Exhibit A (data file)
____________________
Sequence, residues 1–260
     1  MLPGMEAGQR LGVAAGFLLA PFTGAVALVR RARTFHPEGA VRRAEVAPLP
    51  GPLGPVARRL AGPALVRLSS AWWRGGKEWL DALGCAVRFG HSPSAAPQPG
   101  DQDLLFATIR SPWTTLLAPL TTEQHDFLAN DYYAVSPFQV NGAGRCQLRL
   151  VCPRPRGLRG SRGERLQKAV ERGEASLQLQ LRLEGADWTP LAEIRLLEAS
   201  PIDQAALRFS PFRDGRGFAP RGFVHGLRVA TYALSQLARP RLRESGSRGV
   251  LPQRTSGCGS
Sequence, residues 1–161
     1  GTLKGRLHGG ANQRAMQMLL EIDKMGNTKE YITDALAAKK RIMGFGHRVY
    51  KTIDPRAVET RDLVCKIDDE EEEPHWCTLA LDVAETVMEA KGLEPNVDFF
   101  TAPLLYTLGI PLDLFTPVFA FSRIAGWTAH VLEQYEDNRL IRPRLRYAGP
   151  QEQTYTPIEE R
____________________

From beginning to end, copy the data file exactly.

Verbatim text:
Sequence, residues 1–260
     1  MLPGMEAGQR LGVAAGFLLA PFTGAVALVR RARTFHPEGA VRRAEVAPLP
    51  GPLGPVARRL AGPALVRLSS AWWRGGKEWL DALGCAVRFG HSPSAAPQPG
   101  DQDLLFATIR SPWTTLLAPL TTEQHDFLAN DYYAVSPFQV NGAGRCQLRL
   151  VCPRPRGLRG SRGERLQKAV ERGEASLQLQ LRLEGADWTP LAEIRLLEAS
   201  PIDQAALRFS PFRDGRGFAP RGFVHGLRVA TYALSQLARP RLRESGSRGV
   251  LPQRTSGCGS
Sequence, residues 1–161
     1  GTLKGRLHGG ANQRAMQMLL EIDKMGNTKE YITDALAAKK RIMGFGHRVY
    51  KTIDPRAVET RDLVCKIDDE EEEPHWCTLA LDVAETVMEA KGLEPNVDFF
   101  TAPLLYTLGI PLDLFTPVFA FSRIAGWTAH VLEQYEDNRL IRPRLRYAGP
   151  QEQTYTPIEE R